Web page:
The structure of brochosomal coats suggests the same mechanism of water-repellence as was previously found in many biological surfaces [3–5,30–34]: rough surface texture allows the solid and the liquid to contact only at the tips of asperities while being separated elsewhere by a film of trapped air, which is known as the ‘Cassie state’ [35–37]. Superhydrophobicity and self-cleaning effect are typically attained on the surfaces that combine roughness at both the micro- and nanoscales [4–6,38–40]; this principle of hierarchical roughness has increasingly been applied to the design of artificial surfaces [34,37–44]. Similarly, in brochosomal coats, the microscale roughness formed by whole particles and their ensembles is combined with the nanoscale roughness created by the reticulate surface of individual particles. In fact, the structure of brochosomal coats is strikingly similar to that of artificial superhydrophobic coats prepared from raspberry-like silica-based submicron spheres [45,46], the main difference being that brochosomes have the concave and raspberry-like particles, the convex sculpture. While technology is often inspired by biology [34,47], in this particular case, the rapidly evolving technology appears to have inadvertently reinvented an organic solution.
The structure of brochosomal coats also resembles artificial surfaces with re-entrant sculpture, unwettable by both high-surface-tension liquids and low-surface-tension liquids, such as alcohols and alkanes, and therefore referred to as omniphobic [48,49]. However, we observed that brochosomal coats were completely wettable with ethanol (surf. tension = 22.3 mN m−1 ). Wettability with low-surface-tension liquids has also been observed on water-repellent plant surfaces .
Among related insects of the order Hemiptera, fine textures formed by close-set submicron processes on the wings of some cicada species (Cicadoidea) produce water CAs of up to 146°  (for an unrelated potential function of these processes, see Ivanova et al. ). By contrast, bare leafhopper wings exhibit poorly developed microsculpture (figure 2d–l) and moderately hydrophobic water CAs of 103–129°. CAs in that range have been recorded on other poorly sculptured insect integuments [1–3]. Nevertheless, leafhoppers attain water CAs well above the superhydrophobic threshold of 150° by coating their integuments with brochosomes. Such water CAs are among the largest observed among animals [3,32,33,53] and plants [5,31]. What sets the superhydrophobic coat of brochosomes apart from such previously studied biological surfaces is that it is applied onto the body actively, on demand, during specialized behaviour [11,17,19,20] and is composed predominantly or exclusively of protein [11,14,15].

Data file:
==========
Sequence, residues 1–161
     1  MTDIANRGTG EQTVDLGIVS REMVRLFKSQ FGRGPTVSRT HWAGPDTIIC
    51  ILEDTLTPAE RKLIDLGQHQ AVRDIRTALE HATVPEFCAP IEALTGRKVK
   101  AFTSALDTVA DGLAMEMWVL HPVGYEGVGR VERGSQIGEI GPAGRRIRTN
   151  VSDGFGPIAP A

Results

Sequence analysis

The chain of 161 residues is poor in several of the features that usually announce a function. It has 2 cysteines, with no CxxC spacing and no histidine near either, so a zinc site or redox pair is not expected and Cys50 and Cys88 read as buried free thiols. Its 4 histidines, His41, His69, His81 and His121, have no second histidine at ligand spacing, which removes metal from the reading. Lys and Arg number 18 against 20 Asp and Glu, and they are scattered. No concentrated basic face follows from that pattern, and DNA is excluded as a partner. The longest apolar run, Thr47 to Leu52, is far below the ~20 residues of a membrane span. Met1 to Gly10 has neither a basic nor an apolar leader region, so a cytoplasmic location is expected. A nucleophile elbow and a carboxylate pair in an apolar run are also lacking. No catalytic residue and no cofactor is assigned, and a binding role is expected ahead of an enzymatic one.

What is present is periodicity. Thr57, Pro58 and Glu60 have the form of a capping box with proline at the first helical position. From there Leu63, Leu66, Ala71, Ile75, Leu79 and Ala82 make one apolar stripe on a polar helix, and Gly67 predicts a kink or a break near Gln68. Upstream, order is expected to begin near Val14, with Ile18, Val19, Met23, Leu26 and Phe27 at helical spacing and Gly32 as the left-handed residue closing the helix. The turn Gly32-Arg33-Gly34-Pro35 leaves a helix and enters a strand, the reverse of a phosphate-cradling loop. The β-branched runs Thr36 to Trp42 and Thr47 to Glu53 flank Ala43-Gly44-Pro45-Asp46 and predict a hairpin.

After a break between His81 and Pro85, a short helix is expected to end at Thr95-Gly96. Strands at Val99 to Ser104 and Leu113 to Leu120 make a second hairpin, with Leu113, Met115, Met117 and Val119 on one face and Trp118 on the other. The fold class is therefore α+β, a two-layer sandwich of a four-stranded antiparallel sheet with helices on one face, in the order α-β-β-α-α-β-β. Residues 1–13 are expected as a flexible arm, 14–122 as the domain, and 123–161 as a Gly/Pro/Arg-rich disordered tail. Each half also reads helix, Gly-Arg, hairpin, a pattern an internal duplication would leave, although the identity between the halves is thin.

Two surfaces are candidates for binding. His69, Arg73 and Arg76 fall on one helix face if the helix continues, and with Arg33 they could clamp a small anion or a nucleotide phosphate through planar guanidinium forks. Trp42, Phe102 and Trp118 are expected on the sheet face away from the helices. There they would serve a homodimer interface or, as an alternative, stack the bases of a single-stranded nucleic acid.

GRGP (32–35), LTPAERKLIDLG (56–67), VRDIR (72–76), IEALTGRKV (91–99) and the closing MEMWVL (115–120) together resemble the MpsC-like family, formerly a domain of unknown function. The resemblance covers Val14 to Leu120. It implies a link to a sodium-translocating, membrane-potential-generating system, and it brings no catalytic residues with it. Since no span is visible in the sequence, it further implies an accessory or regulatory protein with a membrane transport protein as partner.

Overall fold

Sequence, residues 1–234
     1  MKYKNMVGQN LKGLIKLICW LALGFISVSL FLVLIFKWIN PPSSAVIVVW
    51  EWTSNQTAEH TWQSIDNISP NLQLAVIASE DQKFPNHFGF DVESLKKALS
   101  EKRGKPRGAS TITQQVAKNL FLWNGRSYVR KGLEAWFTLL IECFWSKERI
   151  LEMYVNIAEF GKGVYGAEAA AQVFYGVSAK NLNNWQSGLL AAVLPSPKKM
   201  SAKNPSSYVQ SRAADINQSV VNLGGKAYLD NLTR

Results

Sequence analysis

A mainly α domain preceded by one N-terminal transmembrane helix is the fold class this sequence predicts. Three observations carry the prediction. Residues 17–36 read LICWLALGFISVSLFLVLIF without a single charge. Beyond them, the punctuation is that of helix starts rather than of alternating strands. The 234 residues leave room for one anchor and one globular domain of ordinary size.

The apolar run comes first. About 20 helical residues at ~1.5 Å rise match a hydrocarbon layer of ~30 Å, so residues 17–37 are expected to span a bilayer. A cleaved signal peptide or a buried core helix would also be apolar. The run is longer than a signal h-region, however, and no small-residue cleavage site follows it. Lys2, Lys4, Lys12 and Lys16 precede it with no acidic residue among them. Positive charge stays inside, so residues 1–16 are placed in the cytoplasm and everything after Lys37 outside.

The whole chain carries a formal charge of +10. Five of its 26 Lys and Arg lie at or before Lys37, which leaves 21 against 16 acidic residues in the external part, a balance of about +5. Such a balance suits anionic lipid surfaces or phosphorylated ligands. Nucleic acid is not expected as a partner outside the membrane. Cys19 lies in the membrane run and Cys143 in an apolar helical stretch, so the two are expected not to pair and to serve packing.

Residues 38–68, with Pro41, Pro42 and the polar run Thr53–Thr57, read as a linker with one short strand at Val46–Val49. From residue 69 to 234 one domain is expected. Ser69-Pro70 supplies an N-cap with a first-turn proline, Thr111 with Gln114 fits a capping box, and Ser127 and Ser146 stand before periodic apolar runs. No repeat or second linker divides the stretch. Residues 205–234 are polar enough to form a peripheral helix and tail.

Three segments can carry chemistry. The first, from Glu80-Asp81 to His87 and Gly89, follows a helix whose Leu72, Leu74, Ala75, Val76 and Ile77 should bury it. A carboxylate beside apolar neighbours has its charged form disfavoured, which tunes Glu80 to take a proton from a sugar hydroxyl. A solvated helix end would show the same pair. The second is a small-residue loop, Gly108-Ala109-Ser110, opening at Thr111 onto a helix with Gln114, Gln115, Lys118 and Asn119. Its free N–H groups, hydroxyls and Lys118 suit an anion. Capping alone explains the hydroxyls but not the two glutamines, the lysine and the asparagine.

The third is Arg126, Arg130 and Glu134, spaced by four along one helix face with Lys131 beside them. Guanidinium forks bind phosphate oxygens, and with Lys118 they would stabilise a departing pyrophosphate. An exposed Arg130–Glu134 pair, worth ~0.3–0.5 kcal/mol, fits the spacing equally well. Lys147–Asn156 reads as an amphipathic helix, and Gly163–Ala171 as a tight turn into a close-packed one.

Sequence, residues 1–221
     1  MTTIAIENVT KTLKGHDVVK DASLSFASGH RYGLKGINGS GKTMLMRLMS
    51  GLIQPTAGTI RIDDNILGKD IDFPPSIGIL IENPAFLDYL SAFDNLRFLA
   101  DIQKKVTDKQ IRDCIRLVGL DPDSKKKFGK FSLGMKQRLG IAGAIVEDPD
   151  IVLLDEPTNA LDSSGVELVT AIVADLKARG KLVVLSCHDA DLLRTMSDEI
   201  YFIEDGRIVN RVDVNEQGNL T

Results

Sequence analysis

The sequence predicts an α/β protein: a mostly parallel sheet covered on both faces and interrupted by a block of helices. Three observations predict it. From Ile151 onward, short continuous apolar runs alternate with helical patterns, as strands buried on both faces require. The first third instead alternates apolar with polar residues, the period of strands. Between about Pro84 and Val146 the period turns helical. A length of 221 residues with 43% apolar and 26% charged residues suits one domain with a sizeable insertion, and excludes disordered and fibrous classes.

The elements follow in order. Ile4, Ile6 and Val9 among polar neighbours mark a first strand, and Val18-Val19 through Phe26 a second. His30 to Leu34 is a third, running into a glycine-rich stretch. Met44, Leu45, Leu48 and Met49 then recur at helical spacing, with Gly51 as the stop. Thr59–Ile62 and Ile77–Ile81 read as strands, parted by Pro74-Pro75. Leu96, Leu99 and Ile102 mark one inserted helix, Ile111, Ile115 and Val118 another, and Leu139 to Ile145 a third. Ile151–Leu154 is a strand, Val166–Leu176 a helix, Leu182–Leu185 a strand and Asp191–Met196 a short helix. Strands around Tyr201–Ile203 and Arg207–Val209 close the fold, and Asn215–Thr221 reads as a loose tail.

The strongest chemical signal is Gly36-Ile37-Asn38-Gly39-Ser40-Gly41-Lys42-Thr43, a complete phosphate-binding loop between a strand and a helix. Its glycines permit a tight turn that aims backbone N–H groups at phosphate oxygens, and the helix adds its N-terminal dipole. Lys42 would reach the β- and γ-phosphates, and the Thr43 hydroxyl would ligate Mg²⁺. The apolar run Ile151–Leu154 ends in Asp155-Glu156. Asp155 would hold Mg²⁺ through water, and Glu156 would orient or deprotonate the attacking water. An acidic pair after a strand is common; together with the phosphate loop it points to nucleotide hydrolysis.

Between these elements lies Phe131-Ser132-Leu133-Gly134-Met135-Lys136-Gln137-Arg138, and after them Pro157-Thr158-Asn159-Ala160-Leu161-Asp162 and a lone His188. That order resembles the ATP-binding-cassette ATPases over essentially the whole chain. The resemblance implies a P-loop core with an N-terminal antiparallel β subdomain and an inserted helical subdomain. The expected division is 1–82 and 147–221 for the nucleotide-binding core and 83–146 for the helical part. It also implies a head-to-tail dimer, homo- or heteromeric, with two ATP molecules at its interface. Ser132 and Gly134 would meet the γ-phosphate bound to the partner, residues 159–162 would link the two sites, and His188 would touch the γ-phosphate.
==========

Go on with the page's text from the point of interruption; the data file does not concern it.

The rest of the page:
It appears that such strong water-repellence in leafhoppers—a group of exclusively terrestrial insects—primarily serves as protection from contamination by or getting trapped into liquid exudates produced by leafhoppers as a consequence of their feeding on plant sap [11,16–18,21]. The physico-chemical properties of leafhopper exudates remain unstudied. However, those of xylem-feeding leafhoppers (such as C. viridis) are close in composition to pure water [54,55], and those of phloem-feeding species (such as A. argentarius) contain excess sugars and are expected to be similar to honeydew of other phloem-sucking hemipterans, such as aphids. Using the capillary method, Pike et al.  estimated the surface tension of honeydew produced by the aphid Pemphigus spirothecae as 50 mN m−1. In this study, two liquids with the surface tension of 48 and 50 mN m−1, non-polar diiodomethane and polar ethylene glycol, respectively, exhibited superhydrophobic CAs (greater than 150°) on brochosomal coats, suggesting that the latter are repellent to honeydew as well.
Previous cryo-SEM studies demonstrated that frozen water droplets retain a nearly spherical shape on strongly hydrophobic surfaces . Therefore, our cryo-SEM observations (figure 5a–d) confirmed the superhydrophobicity of brochosomal coats. We assume that most droplets that did not get anchored to local discontinuities of brochosomal coats, such as wing cracks (figure 5c), had rolled off the wings prior to examination. Additionally, these observations demonstrated the loose nature of brochosomal coats, indicated by the fact that the droplets collected brochosomes off the integument onto their surface (figure 5c,d). Such erosion of the coat explains the decrease of the observed CA when the water droplet was repeatedly brought in contact with the same area of the wing (see electronic supplementary material, movie S1). Because brochosomal coats are easily erodible, they can additionally reduce the risk of the leafhopper being captured by arthropod predators relying in their capture mechanisms on adhesion (adhesive pads of spiders and some predatory insects, sticky orb webs of spiders). Upon contact with adhesive surfaces, brochosomal coats will be easily detached from the leafhopper integument and will contaminate and disable the adhesive surface. Similar easily erodible structures are known from some carnivorous plants of the genus Nepenthes, where they are responsible for slippery properties of the insect traps .
Many thanks go to Dagmar Voigt, Elena Gorb, and Esther Appel for advice and assistance during the study and to Olga Karengina for creating the reconstruction shown in figure 1a,b. We also thank two anonymous reviewers for valuable criticism. The work of the first author in Germany was made possible by a grant from the German Academic Exchange Service (DAAD) to R.R. and the SPP 1420 priority programme of the German Science Foundation (DFG) ‘Biomimetic Materials Research: Functionality by Hierarchical Structuring of Materials’ (project no. GO 995/9-1) to S.N.G.
- Received October 9, 2012.
- Accepted November 21, 2012.
- © 2012 The Author(s) Published by the Royal Society. All rights reserved.